U.S. cell phone networks use either CDMA (Code Division Multiple Access) or GSM (Global System for Mobiles) radio systems. Sprint and Verizon use CDMA, while AT&T and T-Mobile use GSM. Theoretically, a CDMA phone shouldn't work on a GSM network, and vice versa. But real life is more complicated than that. Phones that use the high-speed 4G LTE wireless standard should be able to work on any network, whether they are GSM or CDMA. However, not all 4G LTE phones work on all LTE bands, and so it's possible that a 4G LTE phone will not work on a specific network.
If you're not a customer of the carrier that the phone is locked to, you might be charged a fee. You'll have to check with the carrier for details. Also, if you use a third-party unlocking service such as a kiosk, it might charge you a fee.
The exact process of unlocking phones can vary from carrier to carrier. In some instances, you may be provided with an unlock code, or it can be done with a software update. Some providers might require that you come to a store to unlock your phone, while others will do it remotely.
With AT&T, you fill out a Web form on the company's Consumer Device Unlock Portal to ask that your phone be unlocked. Make sure that you have your phone's IMEI number (a 15-digit number). How you find that number can vary from model to model, but on just about any phone, you can find it by typing in this sequence: *#06#. You probably won't have to tap the Send or Call button. The number will likely simply appear.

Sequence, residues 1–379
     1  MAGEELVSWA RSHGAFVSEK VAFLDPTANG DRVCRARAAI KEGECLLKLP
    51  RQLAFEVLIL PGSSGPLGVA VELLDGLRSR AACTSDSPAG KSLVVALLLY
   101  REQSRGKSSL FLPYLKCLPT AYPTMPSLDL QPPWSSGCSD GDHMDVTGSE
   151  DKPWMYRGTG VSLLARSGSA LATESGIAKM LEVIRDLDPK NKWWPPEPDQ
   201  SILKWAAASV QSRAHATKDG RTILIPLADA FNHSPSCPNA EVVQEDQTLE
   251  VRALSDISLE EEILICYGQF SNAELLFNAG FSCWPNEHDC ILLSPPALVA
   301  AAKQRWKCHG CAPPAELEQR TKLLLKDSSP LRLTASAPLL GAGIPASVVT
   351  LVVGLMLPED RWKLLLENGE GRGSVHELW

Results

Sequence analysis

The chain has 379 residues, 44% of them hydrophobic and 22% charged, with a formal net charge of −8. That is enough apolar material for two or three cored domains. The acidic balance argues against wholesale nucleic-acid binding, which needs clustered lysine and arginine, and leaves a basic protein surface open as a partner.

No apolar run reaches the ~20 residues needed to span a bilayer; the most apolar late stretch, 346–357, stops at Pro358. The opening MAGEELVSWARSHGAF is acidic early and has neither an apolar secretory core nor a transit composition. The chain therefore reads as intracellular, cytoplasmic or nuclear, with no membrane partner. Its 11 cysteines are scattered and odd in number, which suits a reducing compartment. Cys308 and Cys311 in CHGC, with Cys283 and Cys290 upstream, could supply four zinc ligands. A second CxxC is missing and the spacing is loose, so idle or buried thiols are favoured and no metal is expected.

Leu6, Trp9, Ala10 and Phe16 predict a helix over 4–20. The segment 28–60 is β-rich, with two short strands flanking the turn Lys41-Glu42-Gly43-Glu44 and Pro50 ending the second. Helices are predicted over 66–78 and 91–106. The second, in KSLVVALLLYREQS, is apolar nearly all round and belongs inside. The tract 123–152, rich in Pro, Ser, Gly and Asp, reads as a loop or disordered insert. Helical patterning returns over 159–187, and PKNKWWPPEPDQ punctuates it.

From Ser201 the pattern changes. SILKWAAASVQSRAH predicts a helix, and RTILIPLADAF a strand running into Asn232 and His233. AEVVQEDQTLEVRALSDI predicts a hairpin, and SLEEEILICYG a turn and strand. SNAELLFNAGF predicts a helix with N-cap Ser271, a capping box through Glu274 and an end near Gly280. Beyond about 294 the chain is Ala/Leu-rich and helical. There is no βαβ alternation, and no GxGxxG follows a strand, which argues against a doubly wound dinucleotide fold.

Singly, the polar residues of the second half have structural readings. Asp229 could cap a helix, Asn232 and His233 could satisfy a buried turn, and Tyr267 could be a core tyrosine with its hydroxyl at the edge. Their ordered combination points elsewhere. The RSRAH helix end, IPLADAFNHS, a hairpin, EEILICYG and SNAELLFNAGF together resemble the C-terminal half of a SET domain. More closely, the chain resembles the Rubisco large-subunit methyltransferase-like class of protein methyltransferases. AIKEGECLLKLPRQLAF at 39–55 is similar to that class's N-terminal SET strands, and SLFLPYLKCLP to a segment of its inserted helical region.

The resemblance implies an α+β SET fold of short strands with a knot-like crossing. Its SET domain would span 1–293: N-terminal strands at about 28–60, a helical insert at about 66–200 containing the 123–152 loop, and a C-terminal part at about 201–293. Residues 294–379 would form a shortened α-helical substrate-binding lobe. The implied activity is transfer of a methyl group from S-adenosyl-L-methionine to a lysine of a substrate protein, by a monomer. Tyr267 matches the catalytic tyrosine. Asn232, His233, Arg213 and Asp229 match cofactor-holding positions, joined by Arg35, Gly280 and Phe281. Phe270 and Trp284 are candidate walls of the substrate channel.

You can unlock your device from Sprint either by calling 888-211-4727 or via a Web chat. In some instances, for "devices launched after February 2015," in Sprint's words, your phone will be automatically unlocked as soon as it's eligible. Check out Sprint's general information about its unlocking policy and FAQ for more details.
If you have a Verizon phone, it may already be unlocked. Verizon's online documentation for unlocking says that it doesn't lock most of its phones or tablets. It notes, "We do not lock our 4G LTE devices, and no code is needed to program them for use with another carrier. We do not lock our 3G devices, other than our non-iPhone Global Ready 3G phones." If you do have a Verizon phone that's locked, call 800-711-8300 and ask for a SIM unlock.